Those who know me also know my love of a good podcast. In particular, lately I’ve been engrossed with Brené Brown’s Dare to Lead podcast, based on her book, Dare to Lead: Brave Work. Tough Conversations. Whole Hearts. Her show has been resonating with me as I reflect upon the work our community is engaging in around diversity, equity, inclusion, and belonging: It is brave work, it embraces tough conversations, and it involves our whole hearts. I’m incredibly proud of our community in this moment as we come together in a spirit of mutual respect, teamwork, partnership, and collaboration. We’re working together to do something big and essential and critical to realizing our mission.
From the outset, as Windward developed its Three-Year Plan for DEIB initiatives and tasked the new DivE In Committee to guide, advise, and oversee these efforts, it was critical for us to be invitational in the process. Our primary aim, guided by the School’s mission and vision, is to unite our community to problem solve for the greater good, bringing a collective voice that both honors and represents our diverse populations, life experiences, and viewpoints. As Maya Angelou said, “When we know better, we do better.” Because this work is so important, we’re driven to approach it from a multifaceted, methodical perspective. In partnering with DEIB expert Dr. Gene Batiste; in facilitating trainings at the trustee, leadership, and faculty/staff levels; and in inviting constituents from our community to engage in this topic, we’ve targeted measurable objectives that allow us to hold ourselves accountable.
The importance of intention in this process cannot be overstated. While it can be tempting to respond reactively to ongoing events that highlight our society’s systemic injustices and inequities, choosing that path outside of a clearly defined set of values and goals can do more harm than good. We may feel surges of optimism when a problematic team mascot is replaced or when racist brand representations are eliminated; and while these actions are important, the real work we must do requires us to take our time and be intentional about what we do, what we don’t do, and when we do it. We’re listening to the voices at the table, and we’re making decisions based on the needs of our community. That, to me, is an incredibly hopeful place. This work is not about us telling people what they’re doing is broken or poorly intentioned; rather, it’s about us as a community saying here’s what we believe, here’s what our values are, here’s where we are, and here’s where we are going. And we will hold these commitments near and dear to our hearts and be accountable to them. I’m optimistic that this is a time when these conversations, while they’re not going to be easy, offer a real chance to engage in meaningful dialogue and effect positive change.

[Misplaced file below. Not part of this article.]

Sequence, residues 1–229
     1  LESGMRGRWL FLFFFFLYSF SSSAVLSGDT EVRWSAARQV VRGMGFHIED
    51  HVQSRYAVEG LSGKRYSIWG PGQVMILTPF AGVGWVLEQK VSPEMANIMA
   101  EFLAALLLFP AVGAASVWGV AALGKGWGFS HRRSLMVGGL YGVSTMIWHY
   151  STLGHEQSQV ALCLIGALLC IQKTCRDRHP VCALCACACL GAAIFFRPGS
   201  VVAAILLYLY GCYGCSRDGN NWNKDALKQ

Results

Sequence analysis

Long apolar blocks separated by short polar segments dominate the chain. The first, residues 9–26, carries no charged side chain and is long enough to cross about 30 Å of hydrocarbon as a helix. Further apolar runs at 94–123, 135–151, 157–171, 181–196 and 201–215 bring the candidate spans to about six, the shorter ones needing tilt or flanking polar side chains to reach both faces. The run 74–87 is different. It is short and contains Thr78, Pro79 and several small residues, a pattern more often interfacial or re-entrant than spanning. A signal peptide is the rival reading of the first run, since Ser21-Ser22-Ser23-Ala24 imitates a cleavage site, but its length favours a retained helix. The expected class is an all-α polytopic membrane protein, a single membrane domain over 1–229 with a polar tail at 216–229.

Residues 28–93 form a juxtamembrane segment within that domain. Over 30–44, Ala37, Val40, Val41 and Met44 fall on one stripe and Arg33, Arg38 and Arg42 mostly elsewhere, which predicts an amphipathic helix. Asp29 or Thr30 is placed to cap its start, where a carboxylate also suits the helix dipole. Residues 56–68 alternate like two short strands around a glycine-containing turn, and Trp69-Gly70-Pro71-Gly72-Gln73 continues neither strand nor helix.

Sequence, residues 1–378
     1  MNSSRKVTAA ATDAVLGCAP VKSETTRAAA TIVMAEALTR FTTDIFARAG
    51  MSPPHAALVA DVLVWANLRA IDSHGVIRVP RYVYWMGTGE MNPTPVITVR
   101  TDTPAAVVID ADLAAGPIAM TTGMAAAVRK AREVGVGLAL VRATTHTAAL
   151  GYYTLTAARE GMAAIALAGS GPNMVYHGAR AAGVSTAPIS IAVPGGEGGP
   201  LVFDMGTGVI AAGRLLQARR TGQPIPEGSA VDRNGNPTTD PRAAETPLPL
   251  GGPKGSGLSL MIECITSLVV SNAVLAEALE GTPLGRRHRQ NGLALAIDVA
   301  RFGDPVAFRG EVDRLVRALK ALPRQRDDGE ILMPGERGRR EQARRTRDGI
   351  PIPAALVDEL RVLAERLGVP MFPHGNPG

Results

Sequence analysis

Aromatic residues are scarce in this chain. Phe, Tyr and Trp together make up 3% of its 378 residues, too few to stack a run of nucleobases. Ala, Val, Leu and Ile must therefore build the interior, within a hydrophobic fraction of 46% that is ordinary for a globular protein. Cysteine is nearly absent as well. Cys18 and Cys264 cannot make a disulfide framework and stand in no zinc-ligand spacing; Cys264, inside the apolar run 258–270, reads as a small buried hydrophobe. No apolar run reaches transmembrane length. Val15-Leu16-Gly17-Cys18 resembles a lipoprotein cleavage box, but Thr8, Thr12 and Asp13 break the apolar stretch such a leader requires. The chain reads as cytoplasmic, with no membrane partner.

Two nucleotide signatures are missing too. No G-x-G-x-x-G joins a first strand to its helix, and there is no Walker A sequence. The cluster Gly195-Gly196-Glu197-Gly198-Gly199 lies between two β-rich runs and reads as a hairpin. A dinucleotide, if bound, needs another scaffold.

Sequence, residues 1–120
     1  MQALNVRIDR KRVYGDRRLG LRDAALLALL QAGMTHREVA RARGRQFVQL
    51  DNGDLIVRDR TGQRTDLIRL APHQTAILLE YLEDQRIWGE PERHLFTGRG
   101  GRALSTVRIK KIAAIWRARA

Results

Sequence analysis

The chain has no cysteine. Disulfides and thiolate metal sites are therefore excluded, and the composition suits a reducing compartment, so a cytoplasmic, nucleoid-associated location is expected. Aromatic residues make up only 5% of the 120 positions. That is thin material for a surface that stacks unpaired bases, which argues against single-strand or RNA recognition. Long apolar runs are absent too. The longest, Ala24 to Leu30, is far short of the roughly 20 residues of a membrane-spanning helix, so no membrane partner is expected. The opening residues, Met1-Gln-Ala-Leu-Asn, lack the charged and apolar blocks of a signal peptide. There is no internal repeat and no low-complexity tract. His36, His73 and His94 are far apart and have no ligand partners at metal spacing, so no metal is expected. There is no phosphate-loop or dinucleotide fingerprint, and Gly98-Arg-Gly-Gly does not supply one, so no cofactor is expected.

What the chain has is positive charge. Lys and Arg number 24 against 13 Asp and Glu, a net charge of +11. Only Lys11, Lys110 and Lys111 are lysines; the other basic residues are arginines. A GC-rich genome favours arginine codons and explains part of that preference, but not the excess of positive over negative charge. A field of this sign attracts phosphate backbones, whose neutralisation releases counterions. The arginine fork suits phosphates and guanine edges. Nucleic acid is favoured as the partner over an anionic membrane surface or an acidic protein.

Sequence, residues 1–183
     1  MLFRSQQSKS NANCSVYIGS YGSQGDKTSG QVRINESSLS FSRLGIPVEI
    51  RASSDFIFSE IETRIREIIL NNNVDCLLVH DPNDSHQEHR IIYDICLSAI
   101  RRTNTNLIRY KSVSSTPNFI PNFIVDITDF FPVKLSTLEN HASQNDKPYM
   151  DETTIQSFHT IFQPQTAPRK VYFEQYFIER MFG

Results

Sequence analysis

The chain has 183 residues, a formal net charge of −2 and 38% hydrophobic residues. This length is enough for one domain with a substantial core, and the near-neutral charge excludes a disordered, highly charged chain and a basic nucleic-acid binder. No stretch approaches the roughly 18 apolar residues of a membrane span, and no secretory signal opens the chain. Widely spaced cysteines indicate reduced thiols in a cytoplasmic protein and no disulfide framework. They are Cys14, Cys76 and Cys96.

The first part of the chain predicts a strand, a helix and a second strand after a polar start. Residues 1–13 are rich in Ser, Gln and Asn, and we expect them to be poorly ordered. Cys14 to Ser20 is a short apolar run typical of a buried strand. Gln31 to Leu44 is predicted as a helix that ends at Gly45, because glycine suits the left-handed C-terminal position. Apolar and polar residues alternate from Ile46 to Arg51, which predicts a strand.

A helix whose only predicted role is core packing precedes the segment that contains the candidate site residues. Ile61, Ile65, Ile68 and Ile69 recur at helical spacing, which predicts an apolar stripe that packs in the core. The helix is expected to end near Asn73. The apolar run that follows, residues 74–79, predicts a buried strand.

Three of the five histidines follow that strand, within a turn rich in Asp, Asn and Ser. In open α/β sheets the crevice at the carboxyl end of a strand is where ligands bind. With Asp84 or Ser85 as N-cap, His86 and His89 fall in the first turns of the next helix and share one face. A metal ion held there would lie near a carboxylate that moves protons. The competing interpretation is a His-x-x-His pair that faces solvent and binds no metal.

We know that it’s not an option for us to choose not to engage in this work. Our values as a community require us to not only respect but also celebrate our differences. To embody our mission, to live our vision, we imagine a world where every child is able to overcome barriers and achieve unlimited success. The word every compels us to do so, and that ideal is what empowers us to dive in and dare to lead.
Head of School